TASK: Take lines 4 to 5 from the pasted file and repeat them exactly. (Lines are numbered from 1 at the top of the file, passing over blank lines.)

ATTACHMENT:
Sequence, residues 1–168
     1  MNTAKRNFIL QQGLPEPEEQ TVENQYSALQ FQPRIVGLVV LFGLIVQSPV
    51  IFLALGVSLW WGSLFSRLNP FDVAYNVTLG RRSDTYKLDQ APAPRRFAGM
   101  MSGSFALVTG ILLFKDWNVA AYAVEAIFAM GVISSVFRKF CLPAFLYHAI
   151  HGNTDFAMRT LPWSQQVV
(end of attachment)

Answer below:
   101  MSGSFALVTG ILLFKDWNVA AYAVEAIFAM GVISSVFRKF CLPAFLYHAI
   151  HGNTDFAMRT LPWSQQVV